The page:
A large member of the minnow family and an aquaculture species of worldwide importance, the grass carp is used for weed control because of its aggressive and herbivorous feeding habits. In the United States, where it was introduced in the early 1960s, it has become an extremely controversial species because of the biological damage it inﬂicts in the process of eliminating vegetation. This species is called the grass carp by critics, whereas supporters often refer to it as the white amur to avoid the negative connotations associated in North America with the name “carp.”
IdentificationThe grass carp has an elongate and fairly compressed body, a wide and blunt head, a very short snout without the barbels found on common carp, a short dorsal ﬁn, and a moderately forked tail. The terminal and nonprotractile mouth has thin lips and sharp pharyngeal (throat) teeth especially suited to its feeding habits.
The grass carp is covered with large scales; the ones on the upper sides of the body have a dark border and a black spot at the base and give the ﬁsh a cross-hatched appearance. It is colored gray or green on the back, shading to white or yellow on the belly, and has clear to dark fins.
Size/AgeThe grass carp grows quickly and to large sizes; some have been reported at 100 pounds in native waters. It can add 3 to 5 pounds a year to its weight under favorable conditions. The largest ﬁsh taken by rod and reel was a 68-pound, 12-ounce Arkansas specimen.
Life history/BehaviorSpawning takes place once a year over gravel bottoms in rivers, between April and September, according to temperature; adults will migrate upstream to ﬁnd acceptable spawning sites. The round eggs of the grass carp are semibuoyant and amber colored, hatching in 24 to 30 hours without the protection of the parents.
After they absorb the nutrients in their yolk sacs in the ﬁrst 2 to 4 days of their lives, the larvae feed on microplankton in quiet waters. The young hide in deep holes in riverbeds during the winter.
Food and feeding habitsPrimarily vegetarians, grass carp have earned their name by eating aquatic plants and submerged grasses, adding the occasional insect or invertebrate. With the help of teeth on the pharynx, they tear off vegetation with jerking motions. Unlike common carp (see: Carp, Common), grass carp do not muddy the water with their browsing, but their aggressive feeding habits cause other problems. Grass carp tend to break off the upper portions of grasses, leaving the roots to grow, so they are not as useful in eradicating vegetation as they are supposed to be.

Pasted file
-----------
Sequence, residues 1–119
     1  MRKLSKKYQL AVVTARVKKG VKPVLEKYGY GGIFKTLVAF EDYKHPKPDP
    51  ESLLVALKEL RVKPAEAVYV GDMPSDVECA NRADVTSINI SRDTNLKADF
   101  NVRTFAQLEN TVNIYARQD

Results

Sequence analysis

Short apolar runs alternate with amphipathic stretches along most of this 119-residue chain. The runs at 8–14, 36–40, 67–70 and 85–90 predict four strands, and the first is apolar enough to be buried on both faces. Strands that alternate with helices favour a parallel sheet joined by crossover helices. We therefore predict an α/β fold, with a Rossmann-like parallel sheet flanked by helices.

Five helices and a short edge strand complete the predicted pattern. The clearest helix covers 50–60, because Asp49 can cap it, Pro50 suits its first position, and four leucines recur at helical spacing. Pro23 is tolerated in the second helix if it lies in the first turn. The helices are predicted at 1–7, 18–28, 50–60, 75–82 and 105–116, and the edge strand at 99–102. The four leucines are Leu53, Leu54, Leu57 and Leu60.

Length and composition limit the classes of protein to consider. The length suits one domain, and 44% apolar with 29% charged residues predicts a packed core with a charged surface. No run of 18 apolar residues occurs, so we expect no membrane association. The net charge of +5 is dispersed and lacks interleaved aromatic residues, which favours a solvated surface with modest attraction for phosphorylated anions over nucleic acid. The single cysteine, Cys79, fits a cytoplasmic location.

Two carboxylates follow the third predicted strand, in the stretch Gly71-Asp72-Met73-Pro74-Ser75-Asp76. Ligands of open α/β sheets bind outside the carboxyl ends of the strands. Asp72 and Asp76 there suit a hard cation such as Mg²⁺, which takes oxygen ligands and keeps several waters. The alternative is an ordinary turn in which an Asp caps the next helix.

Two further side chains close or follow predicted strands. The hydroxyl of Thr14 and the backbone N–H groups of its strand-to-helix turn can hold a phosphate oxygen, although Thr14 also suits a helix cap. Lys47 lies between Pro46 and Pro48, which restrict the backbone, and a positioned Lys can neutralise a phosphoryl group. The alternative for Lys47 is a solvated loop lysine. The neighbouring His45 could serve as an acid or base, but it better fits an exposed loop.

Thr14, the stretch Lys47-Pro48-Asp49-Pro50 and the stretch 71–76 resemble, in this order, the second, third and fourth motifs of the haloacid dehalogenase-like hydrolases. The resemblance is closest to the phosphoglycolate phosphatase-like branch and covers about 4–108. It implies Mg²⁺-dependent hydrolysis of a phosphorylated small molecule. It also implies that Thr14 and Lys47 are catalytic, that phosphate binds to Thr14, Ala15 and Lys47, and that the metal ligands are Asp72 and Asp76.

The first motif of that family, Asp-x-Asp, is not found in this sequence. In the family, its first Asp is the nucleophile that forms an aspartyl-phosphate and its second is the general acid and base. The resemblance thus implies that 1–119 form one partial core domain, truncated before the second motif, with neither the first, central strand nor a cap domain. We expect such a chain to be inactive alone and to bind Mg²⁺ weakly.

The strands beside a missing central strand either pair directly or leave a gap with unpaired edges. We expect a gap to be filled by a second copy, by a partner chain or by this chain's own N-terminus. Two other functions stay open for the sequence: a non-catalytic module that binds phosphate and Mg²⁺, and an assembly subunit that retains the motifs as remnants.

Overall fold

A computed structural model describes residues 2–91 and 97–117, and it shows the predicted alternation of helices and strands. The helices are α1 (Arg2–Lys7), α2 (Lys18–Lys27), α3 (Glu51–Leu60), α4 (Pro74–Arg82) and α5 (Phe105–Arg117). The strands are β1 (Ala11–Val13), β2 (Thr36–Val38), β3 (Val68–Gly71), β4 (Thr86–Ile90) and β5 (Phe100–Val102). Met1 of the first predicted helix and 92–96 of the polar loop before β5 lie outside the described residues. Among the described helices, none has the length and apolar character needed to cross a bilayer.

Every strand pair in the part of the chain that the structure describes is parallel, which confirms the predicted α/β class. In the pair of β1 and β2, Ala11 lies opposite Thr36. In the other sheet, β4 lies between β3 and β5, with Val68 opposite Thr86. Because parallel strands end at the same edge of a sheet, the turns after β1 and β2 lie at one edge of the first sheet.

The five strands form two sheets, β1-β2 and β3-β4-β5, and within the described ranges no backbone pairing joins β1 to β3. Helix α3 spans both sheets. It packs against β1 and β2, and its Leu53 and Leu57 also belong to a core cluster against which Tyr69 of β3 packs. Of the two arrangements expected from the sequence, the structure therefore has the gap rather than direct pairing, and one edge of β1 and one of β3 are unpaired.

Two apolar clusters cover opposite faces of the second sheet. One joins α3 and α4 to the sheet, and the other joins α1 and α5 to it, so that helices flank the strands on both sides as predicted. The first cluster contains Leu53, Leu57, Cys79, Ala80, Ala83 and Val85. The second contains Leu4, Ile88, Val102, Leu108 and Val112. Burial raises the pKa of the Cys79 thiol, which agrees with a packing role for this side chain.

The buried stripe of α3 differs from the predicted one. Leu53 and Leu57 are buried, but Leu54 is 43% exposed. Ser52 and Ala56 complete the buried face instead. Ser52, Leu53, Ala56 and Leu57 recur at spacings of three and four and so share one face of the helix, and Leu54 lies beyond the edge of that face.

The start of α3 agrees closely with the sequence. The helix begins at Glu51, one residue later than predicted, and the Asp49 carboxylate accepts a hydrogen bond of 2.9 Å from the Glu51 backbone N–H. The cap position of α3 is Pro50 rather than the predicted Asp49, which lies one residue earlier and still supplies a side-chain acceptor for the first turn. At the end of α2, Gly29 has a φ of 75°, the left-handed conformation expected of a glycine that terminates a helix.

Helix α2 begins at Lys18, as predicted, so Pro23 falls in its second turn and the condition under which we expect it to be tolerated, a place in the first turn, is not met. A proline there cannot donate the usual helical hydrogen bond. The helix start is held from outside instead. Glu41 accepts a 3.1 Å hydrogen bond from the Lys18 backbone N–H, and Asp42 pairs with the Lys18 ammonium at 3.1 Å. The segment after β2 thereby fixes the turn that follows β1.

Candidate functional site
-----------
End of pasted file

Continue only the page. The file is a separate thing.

Also, grass carp cannot digest all the plant matter they take in, so instead of eliminating a vegetation problem, they make it worse by excreting plant material and distributing it to new areas. In addition, they contribute to increased water turbidity and to eutrophication. Finally, heavy browsing may stimulate faster than normal growth in certain kinds of plants.
Triploid grass carp A technique that consists of exposing fertilized eggs to heat shock was invented by researchers in 1981 to produce sterile grass carp. This method creates nonreproducing fish of both genders. They are called triploid grass carp because they have three sets of chromosomes, instead of the usual two sets (those ﬁsh are called diploid).
They are as hardy as the ordinary variety of grass carp, but they have the beneﬁt of not being able to overpopulate their habitats. They look like large creek chub, flourish in warm water, and may reach weights of 25 pounds or more. Triploid grass carp are useful in controlling unwanted aquatic plants, but the water clarity may deteriorate due to the substantial passing of plant material as fecal matter.
Other Nameswhite amur, amur, carp; French: carpe amour, carpe herbivore, amour blanc; German: graskarpfen; Japanese: sogyo.
DistributionFound originally in China and eastern Siberia, speciﬁcally in the Amur River basin from which it gets its name, the grass carp has been widely introduced to more than 20 countries. Only those in certain areas have been able or allowed to reproduce naturally; these places include the Danube River in central Europe, the Mississippi River in North America, and Russia and southern Africa.
In the United States, the grass carp was ﬁrst stocked in Arkansas waters in 1963 and intentionally released in 35 states, although it has subsequently spread to other bodies of water where it was unwanted. In fact, many states have made it illegal to stock grass carp within their borders, unless a permit issued by the appropriate ﬁsheries management agency has been obtained.